When working in the hospital, there comes a time for many of your patients where the transition to palliative care is possible or even necessary. While on the wards, I have been part of the care of several patients that were in the process of being transferred to hospice care. It isn’t easy making these sorts of decisions, but it is important to know when and how to approach them.
In one case, my team was taking care of a ~90 year old male transferred from a nursing home for concomitant CHF exacerbation and sepsis secondary to a UTI. This was his third admission in a month, and he was delirious and unable to communicate. Given his two co-morbid conditions, our team was stuck between a rock and a hard place – should we diuresis him for his CHF exacerbation, or give him fluids for his sepsis? We decided to do neither, and just treat him with antibiotics and supportive care. Meanwhile, his creatinine was steadily rising, a marker for acute renal failure. At that point, palliative care was consulted, whom arranged a family meeting to discuss the prognosis and options for their loved one.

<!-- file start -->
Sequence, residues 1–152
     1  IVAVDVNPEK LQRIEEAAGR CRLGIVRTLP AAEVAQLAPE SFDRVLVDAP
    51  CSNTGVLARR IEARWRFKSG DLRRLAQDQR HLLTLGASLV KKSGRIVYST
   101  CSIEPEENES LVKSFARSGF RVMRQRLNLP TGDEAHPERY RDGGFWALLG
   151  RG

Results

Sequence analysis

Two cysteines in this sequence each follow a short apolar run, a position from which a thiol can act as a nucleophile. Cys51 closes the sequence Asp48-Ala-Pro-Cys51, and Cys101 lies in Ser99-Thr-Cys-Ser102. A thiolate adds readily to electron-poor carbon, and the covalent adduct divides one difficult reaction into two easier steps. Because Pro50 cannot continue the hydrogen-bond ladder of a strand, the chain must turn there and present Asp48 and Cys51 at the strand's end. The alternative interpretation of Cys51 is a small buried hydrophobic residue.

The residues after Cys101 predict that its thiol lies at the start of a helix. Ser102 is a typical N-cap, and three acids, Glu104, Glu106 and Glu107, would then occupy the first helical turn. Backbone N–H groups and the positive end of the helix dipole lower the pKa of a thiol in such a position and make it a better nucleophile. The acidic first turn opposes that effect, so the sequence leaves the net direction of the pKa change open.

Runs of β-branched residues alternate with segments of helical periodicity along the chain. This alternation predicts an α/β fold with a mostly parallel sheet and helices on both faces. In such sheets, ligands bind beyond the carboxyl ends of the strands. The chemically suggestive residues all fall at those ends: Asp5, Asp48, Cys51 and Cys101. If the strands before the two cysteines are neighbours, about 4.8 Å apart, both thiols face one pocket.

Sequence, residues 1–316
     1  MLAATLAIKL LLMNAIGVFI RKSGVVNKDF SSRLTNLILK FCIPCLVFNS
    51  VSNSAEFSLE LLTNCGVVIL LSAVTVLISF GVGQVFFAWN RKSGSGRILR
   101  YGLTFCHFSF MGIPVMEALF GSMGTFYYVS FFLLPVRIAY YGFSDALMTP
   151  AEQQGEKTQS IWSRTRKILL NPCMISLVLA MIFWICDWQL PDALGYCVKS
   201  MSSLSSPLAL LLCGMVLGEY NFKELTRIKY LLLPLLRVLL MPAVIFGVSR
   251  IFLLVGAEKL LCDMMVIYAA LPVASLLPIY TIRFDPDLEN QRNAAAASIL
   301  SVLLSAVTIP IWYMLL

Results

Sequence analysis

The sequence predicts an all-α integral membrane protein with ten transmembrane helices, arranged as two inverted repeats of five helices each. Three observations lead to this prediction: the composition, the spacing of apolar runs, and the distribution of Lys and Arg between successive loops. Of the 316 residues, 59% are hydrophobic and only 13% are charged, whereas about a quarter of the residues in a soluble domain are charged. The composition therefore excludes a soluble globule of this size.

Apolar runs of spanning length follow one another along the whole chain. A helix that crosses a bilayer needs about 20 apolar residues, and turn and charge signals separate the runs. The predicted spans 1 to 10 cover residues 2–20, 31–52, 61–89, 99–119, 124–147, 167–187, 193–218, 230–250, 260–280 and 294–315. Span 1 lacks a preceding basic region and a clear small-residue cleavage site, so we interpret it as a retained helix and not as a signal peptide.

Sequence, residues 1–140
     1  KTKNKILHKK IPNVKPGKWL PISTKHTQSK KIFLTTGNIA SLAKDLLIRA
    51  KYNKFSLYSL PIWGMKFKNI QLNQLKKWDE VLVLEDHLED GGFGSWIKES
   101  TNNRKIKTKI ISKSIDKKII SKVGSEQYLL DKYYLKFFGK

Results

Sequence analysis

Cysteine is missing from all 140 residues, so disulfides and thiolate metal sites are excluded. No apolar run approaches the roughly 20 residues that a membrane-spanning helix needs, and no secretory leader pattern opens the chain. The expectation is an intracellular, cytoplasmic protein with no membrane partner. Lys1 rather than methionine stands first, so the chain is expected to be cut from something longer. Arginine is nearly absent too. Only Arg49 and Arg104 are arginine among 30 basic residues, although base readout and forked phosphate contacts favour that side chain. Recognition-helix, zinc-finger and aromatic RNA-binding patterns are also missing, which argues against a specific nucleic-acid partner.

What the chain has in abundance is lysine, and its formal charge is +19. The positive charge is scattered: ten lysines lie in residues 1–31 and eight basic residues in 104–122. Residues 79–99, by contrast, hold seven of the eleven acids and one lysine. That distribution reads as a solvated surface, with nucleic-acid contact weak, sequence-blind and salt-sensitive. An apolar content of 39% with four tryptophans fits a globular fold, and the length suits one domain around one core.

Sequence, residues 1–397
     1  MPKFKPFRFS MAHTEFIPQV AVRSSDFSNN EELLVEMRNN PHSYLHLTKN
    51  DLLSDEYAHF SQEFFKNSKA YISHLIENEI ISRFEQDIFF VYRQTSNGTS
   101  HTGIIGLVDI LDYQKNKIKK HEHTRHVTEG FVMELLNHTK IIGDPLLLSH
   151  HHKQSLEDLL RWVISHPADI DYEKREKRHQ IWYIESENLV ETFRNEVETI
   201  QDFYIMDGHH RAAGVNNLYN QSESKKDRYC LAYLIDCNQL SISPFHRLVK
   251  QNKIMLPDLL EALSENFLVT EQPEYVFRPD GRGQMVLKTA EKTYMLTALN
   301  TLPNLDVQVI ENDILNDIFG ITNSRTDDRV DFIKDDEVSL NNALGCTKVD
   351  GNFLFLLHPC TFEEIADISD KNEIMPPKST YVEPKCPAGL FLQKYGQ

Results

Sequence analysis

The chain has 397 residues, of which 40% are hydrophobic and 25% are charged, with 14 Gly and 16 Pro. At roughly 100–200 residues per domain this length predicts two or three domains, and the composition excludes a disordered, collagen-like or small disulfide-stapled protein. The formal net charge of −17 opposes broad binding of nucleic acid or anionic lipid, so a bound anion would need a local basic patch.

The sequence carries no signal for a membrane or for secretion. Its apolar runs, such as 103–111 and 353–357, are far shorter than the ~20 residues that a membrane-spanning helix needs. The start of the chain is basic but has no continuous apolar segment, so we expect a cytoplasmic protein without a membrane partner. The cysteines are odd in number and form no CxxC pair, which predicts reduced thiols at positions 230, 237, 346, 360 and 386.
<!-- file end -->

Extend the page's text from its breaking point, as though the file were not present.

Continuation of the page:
After lengthy discussion, the son and daughter decided that they did not want dialysis for the patient, and wished to transition him to hospice care. Afterwards, the patient was taken off his medications and allowed to be made as comfortable as possible. We administered morphine for the pain, and allowed him to eat and drink whatever he wanted. Despite the prognosis, transition to palliative care was a significant relief for both the family and the treatment team. The family had witnessed the patient’s multiple hospitalizations and the pain that he was suffering, so they knew that this decision was for the best. Meanwhile, we as providers did not want to have the patient’s last weeks of life spent hooked up to dialysis machines in a hospital. Overall, it was the best outcome for everyone involved, and the patient was allowed to pass peacefully in the presence of his family.